Brad Peacock's emergence and an Arizona Fall League update

Network News

X Profile
View More Activity
Adam Kilgore
Copyright 2010
Wednesday, October 27, 2010; 2:41 PM

At 3:35 today East Coast time, Bryce Harper will make his third appearance in the Arizona Fall League. In his second game, Harper hit a pair of singles, making him 3 for 8 so far with two RBIs and a double. Today, he and the Scottsdale Scorpions will face Robert Carson, a left-handed Mets prospect who hasn't allowed a run in three innings. Harper, even as he plays twice a week, has of course been the focus of the Nationals' contingent out in Arizona. But he's far from the only one making an impression. Right-handed pitcher Brad Peacock has been a revelation, having allowed one run in seven innings while striking out a 12 batters, second-most in the league. (The leader, Scott Barnes, has two more strikeouts in 3 2/3 more innings.) Peacock was a starter this past season with Class A Potomac and AA Harrisburg, but the Nationals and Scottsdale/Harrisburg Manager Randy Knorr have been using Peacock as a one-inning reliever during the fall league, trying to take advantage of his power arm. The results so far have been eye-opening enough that Peacock may be able to contribute out of the Nationals' bullpen next season. Peacock has always been a high-strikeout pitcher - he whiffed 148 batters in 142 innings this year while posting a 4.50 ERA- but his stuff plays up even more out of the bullpen. In Arizona, Peacock has been sitting at 94 miles per hour with his fastball and hitting 95 with some regularity; he was more 93-94 during the season. His strikeout pitch, though, is his biting slider. Out of the bullpen, he's able to use his fastball and slider almost exclusively, leaving his changeup -- his third best pitch -- out most often. Last week, I saw Peacock pitch twice and didn't see one changeup. The Nationals have not decided for certain if they will make Peacock a reliever for good; they're using the fall league more as an experiment. Peacock is just 22 and was a 41st-round pick in 2006. But if his effectiveness as a reliever continues, he could find himself in the majors soon. A quick update on the other Nats out in Arizona: C Derek Norris: 6 for 21, 6 walks, 2 home runs 1 double, 1 triple 2B Stephen Lombardozzi: 7 for 31, 6 walks, 4 doubles (Scouts love the way he plays. If and when he makes the majors, bad sportswriters will line up to call him "scrappy." Won't hit many home runs but has good gap-to-gap power.) OF Michael Burgess: 9 for 29, 3 walks, 2 doubles, 1 triple (He's really impressed with his outfielder defense) SP Sammy Solis: 6.2 IP, 6.75 ERA, 4 SO, 4 BB, 1.50 WHIP RP Adam Carr: 6 IP, 4.50 ERA, 2 SO, 3 BB, 1.17 WHIP RP Cole Kimball: 5 IP, 1.80 ERA, 5 SO, 1 BB, 0.80 WHIP (He's hit 98 mph with his fastball. Like Peacock, he could contend for a bullpen spot with the Nats, maybe not of spring training, but at some point during the season.)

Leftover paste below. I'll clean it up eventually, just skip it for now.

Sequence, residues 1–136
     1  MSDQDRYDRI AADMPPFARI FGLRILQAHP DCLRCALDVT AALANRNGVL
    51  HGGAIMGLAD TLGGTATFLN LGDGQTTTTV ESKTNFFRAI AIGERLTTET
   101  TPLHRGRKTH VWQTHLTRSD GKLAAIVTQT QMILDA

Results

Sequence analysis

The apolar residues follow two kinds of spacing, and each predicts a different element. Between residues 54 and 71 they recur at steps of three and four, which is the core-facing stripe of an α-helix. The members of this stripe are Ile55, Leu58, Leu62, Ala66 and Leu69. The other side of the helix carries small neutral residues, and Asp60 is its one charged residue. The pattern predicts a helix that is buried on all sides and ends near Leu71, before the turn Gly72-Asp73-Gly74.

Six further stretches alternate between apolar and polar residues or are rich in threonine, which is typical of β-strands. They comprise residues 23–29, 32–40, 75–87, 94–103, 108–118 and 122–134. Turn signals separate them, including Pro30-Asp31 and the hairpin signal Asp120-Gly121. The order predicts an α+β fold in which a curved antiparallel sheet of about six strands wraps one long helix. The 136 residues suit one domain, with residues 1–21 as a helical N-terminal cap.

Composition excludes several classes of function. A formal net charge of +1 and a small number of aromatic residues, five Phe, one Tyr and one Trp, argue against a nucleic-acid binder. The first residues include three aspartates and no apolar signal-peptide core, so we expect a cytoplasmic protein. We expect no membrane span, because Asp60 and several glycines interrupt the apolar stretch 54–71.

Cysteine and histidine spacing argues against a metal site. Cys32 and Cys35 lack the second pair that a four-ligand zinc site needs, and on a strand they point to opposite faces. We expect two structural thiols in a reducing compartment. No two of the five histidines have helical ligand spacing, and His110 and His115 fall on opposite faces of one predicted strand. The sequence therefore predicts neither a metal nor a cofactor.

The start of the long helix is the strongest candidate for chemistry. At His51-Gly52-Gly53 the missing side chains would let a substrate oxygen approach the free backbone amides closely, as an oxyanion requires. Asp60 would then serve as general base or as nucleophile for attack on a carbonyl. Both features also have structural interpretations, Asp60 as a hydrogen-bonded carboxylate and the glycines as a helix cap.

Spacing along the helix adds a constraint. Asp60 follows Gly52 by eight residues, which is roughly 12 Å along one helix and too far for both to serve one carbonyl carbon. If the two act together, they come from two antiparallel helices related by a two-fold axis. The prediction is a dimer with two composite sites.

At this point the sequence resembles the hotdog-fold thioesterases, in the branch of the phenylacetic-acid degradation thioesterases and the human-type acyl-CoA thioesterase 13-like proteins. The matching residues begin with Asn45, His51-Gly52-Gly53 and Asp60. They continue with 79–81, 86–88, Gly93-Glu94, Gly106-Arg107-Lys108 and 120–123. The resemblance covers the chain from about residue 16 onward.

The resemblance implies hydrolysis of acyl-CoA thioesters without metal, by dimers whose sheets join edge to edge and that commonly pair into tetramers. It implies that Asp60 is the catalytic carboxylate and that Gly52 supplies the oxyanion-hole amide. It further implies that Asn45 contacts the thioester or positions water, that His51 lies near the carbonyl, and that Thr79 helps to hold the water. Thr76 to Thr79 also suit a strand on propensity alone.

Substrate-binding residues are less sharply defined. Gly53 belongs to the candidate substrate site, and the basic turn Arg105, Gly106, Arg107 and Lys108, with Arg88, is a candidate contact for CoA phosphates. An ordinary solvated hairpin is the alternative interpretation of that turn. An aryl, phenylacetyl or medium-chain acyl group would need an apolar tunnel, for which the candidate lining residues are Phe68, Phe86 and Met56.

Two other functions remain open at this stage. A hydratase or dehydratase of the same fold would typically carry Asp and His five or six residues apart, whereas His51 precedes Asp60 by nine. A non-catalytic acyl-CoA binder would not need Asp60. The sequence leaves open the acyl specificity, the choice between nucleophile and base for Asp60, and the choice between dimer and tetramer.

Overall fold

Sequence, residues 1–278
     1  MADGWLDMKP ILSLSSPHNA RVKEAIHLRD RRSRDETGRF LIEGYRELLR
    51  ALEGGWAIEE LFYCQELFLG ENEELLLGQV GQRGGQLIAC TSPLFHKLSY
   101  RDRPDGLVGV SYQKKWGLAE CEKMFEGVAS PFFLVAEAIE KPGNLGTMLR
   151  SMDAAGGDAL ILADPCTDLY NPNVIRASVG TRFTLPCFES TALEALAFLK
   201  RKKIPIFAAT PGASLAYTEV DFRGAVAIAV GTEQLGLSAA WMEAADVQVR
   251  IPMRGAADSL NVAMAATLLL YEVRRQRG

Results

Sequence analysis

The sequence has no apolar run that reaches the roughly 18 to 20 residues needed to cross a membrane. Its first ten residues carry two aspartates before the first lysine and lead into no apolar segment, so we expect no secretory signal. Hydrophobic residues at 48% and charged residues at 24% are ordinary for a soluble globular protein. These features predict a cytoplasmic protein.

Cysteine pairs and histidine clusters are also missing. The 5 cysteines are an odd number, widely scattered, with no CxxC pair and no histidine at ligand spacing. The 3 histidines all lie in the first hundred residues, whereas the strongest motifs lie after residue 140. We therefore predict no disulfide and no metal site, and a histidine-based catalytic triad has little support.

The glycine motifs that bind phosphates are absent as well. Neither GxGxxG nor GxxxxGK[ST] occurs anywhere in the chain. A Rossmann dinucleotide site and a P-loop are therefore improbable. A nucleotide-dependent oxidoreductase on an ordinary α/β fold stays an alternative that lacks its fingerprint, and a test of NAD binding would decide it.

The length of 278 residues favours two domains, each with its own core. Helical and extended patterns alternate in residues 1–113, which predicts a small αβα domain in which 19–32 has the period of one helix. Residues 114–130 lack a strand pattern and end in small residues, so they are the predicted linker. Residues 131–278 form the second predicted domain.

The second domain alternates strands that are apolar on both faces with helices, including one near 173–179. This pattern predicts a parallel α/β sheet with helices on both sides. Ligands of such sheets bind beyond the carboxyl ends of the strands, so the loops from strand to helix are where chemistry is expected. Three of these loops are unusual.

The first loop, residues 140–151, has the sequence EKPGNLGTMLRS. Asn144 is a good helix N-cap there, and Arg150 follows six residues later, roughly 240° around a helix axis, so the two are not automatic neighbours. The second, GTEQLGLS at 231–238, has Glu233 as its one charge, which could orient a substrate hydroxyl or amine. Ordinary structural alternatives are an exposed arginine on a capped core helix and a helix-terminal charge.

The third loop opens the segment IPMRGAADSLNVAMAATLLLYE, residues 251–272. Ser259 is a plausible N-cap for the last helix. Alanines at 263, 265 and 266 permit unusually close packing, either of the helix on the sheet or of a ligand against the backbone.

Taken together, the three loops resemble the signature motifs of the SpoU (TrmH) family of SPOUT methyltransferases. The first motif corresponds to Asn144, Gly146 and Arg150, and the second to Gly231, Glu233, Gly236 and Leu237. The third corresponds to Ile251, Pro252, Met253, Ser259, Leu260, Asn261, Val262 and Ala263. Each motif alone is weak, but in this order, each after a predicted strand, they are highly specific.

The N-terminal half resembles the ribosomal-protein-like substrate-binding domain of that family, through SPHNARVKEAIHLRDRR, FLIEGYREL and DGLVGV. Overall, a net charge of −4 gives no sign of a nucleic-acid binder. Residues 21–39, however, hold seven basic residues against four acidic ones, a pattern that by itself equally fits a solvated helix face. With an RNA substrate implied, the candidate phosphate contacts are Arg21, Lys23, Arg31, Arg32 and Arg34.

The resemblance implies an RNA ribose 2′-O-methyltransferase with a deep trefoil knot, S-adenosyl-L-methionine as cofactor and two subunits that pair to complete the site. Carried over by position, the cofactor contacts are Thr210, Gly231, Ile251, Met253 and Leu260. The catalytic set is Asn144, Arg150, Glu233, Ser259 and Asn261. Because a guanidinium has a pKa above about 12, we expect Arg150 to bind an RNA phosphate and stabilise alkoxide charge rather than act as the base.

More Washington Post Opinions

PostPartisan

Post Partisan

Quick takes from The Post's opinion writers.

Washington Sketch

Washington Sketch

Dana Milbank writes about political theater in the capital.

Tom Toles

Tom Toles

See his latest editorial cartoon.

© 2010 The Washington Post Company

Network News

X My Profile